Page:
Or, to be completely accurate, Captain Swing and the Electrical Pirates of Cindery Island #1. This is the latest Avatar miniseries from Warren Ellis, four issues of vaguely steampunk-y adventure, illustrated by Raulo Caceres, who did excellent work on Ellis' graphic novella Crecy a few years ago. The opening issue is very Ellis-y, with vulgar, abusive lawmen; a city (an alternate London in 1830) perpetually on the verge of chaos and run by corrupt magistrates; a little bit of evisceration; and an enigmatic savior/destroyer looming over things. That said, it's a fun twist on the standard Ellis themes so far, and like his recent Ignition City, it nicely mashes up various genre tropes with Ellis' typical obsessions. It's a little bit From Hell, a little bit Doktor Sleepless, and a little bit Sherlock Holmes.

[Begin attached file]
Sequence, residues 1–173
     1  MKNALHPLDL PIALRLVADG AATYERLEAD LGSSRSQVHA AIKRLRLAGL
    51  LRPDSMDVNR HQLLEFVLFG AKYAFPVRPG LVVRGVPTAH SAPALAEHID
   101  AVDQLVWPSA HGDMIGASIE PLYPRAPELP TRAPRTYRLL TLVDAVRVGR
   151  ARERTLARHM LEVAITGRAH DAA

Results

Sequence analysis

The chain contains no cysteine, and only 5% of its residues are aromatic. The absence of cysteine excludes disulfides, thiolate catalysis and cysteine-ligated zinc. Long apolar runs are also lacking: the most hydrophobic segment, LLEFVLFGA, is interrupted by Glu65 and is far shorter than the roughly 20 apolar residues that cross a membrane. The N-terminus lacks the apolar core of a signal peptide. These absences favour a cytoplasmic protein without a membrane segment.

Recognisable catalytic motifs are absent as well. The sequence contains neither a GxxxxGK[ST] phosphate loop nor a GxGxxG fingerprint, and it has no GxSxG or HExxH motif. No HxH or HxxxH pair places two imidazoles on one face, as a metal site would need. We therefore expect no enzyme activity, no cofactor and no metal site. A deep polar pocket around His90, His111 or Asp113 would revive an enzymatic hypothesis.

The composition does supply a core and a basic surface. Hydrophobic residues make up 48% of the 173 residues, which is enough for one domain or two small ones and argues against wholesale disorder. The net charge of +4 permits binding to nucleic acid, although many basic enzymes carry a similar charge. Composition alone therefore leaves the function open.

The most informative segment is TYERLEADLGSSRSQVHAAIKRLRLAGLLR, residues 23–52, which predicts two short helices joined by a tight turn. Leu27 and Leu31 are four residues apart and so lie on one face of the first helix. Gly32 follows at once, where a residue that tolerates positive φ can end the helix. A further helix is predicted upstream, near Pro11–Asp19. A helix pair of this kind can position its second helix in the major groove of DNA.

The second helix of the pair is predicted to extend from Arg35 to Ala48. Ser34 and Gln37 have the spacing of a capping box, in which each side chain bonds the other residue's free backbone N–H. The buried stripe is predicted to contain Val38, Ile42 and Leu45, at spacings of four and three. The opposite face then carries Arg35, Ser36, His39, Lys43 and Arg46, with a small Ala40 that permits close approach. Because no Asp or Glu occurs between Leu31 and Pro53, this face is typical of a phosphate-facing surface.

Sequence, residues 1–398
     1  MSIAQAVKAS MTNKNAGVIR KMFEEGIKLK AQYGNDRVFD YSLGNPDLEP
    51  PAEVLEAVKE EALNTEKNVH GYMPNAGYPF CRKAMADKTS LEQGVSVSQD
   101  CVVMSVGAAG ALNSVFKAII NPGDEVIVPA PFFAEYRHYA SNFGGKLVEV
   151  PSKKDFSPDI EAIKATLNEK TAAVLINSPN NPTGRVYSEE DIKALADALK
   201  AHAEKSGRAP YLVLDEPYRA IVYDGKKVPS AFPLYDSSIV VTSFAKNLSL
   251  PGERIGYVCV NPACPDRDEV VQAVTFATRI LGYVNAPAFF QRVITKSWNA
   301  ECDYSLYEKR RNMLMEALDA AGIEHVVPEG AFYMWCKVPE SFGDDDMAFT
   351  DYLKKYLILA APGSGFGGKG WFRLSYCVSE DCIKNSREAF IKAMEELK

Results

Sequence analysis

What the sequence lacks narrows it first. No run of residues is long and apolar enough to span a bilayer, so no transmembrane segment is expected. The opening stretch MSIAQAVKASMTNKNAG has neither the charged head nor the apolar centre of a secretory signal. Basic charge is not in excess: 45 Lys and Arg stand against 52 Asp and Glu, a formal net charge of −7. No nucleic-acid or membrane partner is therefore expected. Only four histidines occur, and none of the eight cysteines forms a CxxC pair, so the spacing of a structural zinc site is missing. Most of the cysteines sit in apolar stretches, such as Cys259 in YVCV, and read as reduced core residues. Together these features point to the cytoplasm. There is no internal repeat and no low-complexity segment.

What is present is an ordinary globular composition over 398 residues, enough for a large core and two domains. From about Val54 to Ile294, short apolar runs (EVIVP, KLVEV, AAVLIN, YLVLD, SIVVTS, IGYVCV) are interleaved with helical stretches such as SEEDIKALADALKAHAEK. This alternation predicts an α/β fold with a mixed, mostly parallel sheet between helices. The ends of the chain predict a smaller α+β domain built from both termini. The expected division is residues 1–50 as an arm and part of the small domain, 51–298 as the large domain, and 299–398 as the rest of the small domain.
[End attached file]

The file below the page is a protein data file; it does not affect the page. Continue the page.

Caceres' hyper-detailed art was seriously impressive on Crecy in black and white, and it's a little rougher here in color, but still works remarkably well. Ellis sort of awkwardly inserts various text pages into the sequential-art narrative, giving little background details about his world, and I'm less enthused about that device. I sort of appreciate the exposition given directly to the reader rather than shoehorned awkwardly into dialogue, but there's something to be said for just dumping us right into this unfamiliar world. Do we really need all these details spelled out so plainly for us? I guess this is something that Ellis likes to do, but I prefer it things like the Doktor Sleepless wiki, which I have never read but which exists for people who want to learn loads of background info on the series' world, and follow Ellis' voracious research into weird news and cutting-edge technology.
Overall, though, this is an intriguing first issue, and a better start than Ellis' recent Supergod, which is like that expository narration broken up and spread over an entire comics series.